[Note: An updated post about “myself” and other “-self” words appeared on Aug. 27, 2018.]
Q: One of my favorite books on English, A Dictionary of Contemporary American Usage, says “myself” may always be used where the rules of grammar require “I” but people traditionally prefer “me.” However, another of my favorite books, Woe Is I, says one should not use “myself” if either “I” or “me” will work. Your thoughts?
A: A Dictionary of Contemporary American Usage, by Bergen and Cornelia Evans, is a favorite with us, too, and over all it holds up remarkably well for a usage guide written in the ’50s. But in its entry on the use of “myself,” it begins to show its age.
We agree (and so does Pat’s book Woe Is I) with much of what the Evanses say about “myself.” But we disagree with them that “myself” may always be used instead of “I” or “me” after “than” and the verb “be.”
The issue here is what to do when there’s a conflict between the formal rules of English grammar and the usual practice of it.
In the 1950s, many usage authorities looked askance at a sentence like “She’s prettier than me” and insisted on “She’s prettier than I,” never mind that most speakers of English used “me” rather than “I” in that construction.
Similarly, many usage authorities of the ’50s condemned a sentence like “It’s me,” and insisted on “It’s I” or “It is I,” even though English speakers generally preferred “me.”
Torn between the formal rules and common practice, the Evanses offer this advice: “Myself may always be used where the formal rules of grammar require I but me is the traditionally preferred form.”
But times have changed. Usage authorities these days generally accept “me” in the examples above, making it unnecessary to substitute “myself.”
As we wrote on the blog back in 2008, most lexicographers and grammarians treat “than” as a legitimate preposition in constructions like “no man was more qualified than me” or “I’m taller than her.”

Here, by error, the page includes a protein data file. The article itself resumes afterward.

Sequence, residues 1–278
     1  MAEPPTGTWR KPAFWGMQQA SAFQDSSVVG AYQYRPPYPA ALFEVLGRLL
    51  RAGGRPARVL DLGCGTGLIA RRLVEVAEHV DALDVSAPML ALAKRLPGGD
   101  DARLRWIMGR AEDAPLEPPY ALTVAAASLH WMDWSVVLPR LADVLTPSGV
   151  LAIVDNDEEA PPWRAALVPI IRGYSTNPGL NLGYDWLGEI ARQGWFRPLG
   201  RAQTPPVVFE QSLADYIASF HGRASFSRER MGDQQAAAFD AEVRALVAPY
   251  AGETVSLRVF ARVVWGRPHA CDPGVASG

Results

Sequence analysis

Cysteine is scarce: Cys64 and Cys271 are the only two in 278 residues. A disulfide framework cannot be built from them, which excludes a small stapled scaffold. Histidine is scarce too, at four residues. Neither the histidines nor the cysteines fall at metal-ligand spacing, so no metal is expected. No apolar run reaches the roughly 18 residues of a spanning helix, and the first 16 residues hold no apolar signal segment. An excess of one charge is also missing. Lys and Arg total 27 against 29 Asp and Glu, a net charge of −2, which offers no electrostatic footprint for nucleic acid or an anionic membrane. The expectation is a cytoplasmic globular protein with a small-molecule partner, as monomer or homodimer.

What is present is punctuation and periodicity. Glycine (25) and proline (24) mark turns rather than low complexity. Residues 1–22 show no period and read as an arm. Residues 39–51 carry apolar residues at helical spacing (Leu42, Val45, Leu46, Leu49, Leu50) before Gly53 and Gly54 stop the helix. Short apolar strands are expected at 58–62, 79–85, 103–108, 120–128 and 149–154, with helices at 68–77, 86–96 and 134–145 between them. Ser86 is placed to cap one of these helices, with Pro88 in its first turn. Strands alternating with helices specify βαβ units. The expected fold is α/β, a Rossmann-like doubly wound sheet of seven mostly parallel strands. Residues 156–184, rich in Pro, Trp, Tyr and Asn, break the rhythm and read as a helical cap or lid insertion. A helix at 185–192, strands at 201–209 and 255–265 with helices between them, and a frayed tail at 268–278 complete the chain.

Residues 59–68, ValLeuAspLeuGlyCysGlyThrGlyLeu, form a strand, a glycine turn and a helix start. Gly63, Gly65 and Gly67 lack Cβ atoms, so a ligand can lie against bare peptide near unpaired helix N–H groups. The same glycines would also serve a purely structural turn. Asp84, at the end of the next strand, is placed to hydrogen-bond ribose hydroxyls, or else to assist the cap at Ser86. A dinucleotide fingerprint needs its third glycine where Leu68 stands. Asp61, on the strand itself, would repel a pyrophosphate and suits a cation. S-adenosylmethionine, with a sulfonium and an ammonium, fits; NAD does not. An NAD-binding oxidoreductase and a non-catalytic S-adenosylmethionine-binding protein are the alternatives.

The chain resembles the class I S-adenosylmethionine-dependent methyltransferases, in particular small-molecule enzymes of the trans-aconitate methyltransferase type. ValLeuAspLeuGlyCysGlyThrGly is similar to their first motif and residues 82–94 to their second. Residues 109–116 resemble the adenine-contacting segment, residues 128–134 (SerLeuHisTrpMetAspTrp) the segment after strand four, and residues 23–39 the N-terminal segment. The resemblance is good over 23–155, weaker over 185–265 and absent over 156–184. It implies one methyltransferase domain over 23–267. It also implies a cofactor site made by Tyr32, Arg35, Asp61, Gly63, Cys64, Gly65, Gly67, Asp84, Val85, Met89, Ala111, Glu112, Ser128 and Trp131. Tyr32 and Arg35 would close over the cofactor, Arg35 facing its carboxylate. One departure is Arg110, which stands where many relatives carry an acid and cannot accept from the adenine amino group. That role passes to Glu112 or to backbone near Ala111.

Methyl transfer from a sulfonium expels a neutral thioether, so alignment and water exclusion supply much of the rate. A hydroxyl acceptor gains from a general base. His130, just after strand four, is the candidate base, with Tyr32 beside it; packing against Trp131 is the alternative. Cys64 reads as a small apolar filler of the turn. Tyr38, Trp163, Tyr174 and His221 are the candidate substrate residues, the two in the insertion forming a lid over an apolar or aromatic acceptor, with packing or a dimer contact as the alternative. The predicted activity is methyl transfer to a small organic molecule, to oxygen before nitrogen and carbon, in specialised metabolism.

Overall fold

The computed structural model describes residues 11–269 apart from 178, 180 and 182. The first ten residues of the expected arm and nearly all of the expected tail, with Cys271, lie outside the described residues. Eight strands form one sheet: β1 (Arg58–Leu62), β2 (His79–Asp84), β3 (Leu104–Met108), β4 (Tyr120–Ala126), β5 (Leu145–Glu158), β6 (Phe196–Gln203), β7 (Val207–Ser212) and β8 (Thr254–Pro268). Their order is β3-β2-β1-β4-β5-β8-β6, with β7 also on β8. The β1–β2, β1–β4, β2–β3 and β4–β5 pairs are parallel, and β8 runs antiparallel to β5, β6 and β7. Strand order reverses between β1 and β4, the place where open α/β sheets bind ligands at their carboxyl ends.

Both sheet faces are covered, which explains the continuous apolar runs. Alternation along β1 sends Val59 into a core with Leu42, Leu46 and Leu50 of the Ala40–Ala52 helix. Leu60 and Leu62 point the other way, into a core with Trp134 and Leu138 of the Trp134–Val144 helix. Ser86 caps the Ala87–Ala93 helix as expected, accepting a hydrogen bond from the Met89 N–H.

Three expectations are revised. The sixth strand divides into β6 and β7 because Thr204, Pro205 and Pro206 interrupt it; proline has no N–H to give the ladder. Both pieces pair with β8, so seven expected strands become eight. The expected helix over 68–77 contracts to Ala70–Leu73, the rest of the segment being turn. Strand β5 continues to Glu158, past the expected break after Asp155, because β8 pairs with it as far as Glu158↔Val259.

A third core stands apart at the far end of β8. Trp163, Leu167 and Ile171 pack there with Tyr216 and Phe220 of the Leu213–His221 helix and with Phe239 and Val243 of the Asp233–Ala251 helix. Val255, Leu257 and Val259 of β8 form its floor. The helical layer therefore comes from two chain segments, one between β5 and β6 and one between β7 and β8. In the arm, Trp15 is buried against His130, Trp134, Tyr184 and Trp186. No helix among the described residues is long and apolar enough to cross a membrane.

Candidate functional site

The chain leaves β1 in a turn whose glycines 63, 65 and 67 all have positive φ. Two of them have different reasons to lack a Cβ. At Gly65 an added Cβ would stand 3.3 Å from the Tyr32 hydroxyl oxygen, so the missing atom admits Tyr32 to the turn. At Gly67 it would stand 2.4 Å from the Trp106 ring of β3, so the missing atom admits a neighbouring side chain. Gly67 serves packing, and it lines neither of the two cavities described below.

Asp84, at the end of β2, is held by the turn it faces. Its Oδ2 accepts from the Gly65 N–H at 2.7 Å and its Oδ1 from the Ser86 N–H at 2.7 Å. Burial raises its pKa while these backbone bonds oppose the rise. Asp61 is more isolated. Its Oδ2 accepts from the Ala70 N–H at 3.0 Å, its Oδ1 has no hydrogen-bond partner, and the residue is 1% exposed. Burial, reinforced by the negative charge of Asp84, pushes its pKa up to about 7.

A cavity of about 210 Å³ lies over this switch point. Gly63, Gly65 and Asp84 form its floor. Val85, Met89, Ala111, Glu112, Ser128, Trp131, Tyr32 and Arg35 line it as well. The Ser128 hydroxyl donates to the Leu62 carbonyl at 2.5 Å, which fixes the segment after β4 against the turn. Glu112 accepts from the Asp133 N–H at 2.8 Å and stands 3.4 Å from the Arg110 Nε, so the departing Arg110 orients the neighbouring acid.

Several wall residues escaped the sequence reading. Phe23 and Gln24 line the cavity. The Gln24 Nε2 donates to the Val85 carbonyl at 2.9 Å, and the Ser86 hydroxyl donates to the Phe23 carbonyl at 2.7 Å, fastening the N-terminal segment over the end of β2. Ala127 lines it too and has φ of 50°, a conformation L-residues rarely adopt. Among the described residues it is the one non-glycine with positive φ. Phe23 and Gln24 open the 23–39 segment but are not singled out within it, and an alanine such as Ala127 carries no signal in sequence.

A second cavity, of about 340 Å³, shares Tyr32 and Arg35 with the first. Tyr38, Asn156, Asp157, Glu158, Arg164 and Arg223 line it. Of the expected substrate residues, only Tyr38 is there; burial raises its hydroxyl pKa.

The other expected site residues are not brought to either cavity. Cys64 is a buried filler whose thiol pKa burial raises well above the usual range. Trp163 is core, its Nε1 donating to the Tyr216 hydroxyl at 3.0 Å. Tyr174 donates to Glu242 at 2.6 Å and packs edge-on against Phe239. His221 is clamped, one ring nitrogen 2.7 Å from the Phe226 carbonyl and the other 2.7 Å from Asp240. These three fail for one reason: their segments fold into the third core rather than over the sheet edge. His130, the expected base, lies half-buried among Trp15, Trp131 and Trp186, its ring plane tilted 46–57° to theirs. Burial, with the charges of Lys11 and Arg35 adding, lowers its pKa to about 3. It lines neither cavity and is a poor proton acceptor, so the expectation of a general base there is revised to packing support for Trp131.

We’ve seen a similar evolution in the use of object pronouns after linking verbs, as in constructions like “it’s me” and “that’s him.”
In a posting written two years ago, we say the belief that a nominative pronoun (like “I”) should be used after the verb “be” came from a convention of Latin grammar. Today the choice between “I” and “me” in this situation is regarded as one of style—formality versus informality—rather than one of correctness.
In short, you can now confidently use the more natural “me” without apologetically resorting to “myself.” And that’s what we recommend.
As we say in another blog entry, reflexive pronouns like “myself” are normally used for emphasis (“I offered to do it myself”) or to refer to a subject already named (“He feels good about himself”).
But in our opinion, many people rely on “myself” for another purpose. They substitute it for “I” or “me” simply because they’re not sure which is right.
When this is the case, the speaker’s confusion generally shows, as in “Wendy and myself will plan the party” or “The bank sold the house to my husband and myself.”
Sentences like those reveal a weak grasp of English. “Wendy and I” is a better subject, and “my husband and me” is a better object.
Reflexive pronouns are best used for emphasis or to refer back to a subject. Otherwise, “I” or “me” is almost always better than “myself.”
So if you’re using “myself” merely because you’re inclined toward “me” but think that it’s wrong, or that “myself” is more elegant, think again. Have a little more faith in “me.”
We’re not saying that “myself” is never a good alternative to “I” or “me.”
For example, you might use “myself” deep into a sentence when an ordinary pronoun would seem to get lost. Example: “There were a hundred people at the lecture—half the English class, a dozen friends of the speaker, most of the faculty, and myself.”
Or you might use a reflexive to add a specific and more emphatic reference to a general subject, as in “An old fuddy-duddy and inveterate nit-picker like myself.”
But before using “myself,” one should at least know what the traditional alternative is, then decide which is preferred for reasons of style, euphony, and the intended degree of formality.
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